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Card for a 250W PSU?

Last response: in Graphics & Displays
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January 2, 2013 9:55:38 PM

I have had this old hunk of a PC (HP Pavilion Desktop ~09'-10') for years now and I REALLY cant stand how slow it is! I think that it would be too much of a hassle to buy a new CPU and mobo for a prebuilt. I dont have the money right now to build a new system, but have a decent $150-$200 to replace the GPU. Currently I have a (don't laugh) GT 220, which I bought a few years back just to have the shader 3 requirements to play Arma 2. Any suggestions on the highest grade card I can get with the power restriction? Also, getting a new PSU is also out of the question because I understand how to put a PC together, but I dont feel confident on taking apart my current one aside from the GPU, since you only need the PCI Express slot and some power cables :p 

APPROXIMATE PURCHASE DATE: Within a few weeks, hopefully.

USAGE FROM MOST TO LEAST IMPORTANT: Just gaming and watching YouTube, basic internet surfing.

CURRENT GPU AND POWER SUPPLY: NVIDIA GT 220, Some default HP 250W.

OTHER RELEVANT SYSTEM SPECS: Intel Pentium E5300, dont know mobo, 8GB in 4x2GB sticks.

PREFERRED WEBSITE(S) FOR PARTS: Newegg, or maybe Amazon.

PARTS PREFERENCES: Don't really care, whatever works and/or performs better.

OVERCLOCKING: No, probably not with the power restrictions, and SLI/Xfire is a definite no.

MONITOR RESOLUTION: 1920x1080.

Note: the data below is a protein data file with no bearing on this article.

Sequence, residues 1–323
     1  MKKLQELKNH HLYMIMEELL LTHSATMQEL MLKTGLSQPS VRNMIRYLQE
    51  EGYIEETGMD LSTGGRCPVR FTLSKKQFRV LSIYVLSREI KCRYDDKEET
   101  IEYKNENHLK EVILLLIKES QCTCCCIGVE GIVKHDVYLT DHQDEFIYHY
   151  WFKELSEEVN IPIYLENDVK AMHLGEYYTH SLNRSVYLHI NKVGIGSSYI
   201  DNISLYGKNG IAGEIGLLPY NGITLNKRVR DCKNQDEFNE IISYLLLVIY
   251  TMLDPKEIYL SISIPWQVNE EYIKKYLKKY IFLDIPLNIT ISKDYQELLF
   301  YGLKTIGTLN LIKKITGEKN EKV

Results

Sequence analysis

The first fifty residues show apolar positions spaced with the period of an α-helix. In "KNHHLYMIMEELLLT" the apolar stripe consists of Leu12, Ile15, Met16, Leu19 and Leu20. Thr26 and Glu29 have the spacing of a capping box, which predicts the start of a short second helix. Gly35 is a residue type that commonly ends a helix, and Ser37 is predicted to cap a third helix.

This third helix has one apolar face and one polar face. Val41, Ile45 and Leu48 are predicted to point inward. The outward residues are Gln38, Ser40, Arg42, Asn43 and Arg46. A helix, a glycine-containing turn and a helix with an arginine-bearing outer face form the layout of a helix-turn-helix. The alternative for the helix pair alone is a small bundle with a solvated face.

ADDITIONAL COMMENTS: Above paragraph.

More about : card 250w psu

a c 132 U Graphics card
January 2, 2013 10:25:54 PM

honestly I would try another method have you ever thought about maybe getting a SSD instead. Obviously you aren't gaming to heavily and with a 250 W PSU the only thing I really could recommend would be a 7750 perhaps but even though it requires a 450w minimum. You could try a nvidia 610 which only require 300 watts =\
a b U Graphics card
January 2, 2013 10:27:29 PM

hd7750 or gt640.The AMD is available in a low profile version if you have a small form factor pc. I don't beleive the nvidia is.
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January 2, 2013 10:33:36 PM

Huh, i had expected some better cards for my situation. But I guess a 7750 since all I see is saying the GT 640 is inferior. Any particular manufacturer to be preferred?
January 2, 2013 10:35:37 PM

bigshootr8 said:
honestly I would try another method have you ever thought about maybe getting a SSD instead. Obviously you aren't gaming to heavily and with a 250 W PSU the only thing I really could recommend would be a 7750 perhaps but even though it requires a 450w minimum. You could try a nvidia 610 which only require 300 watts =\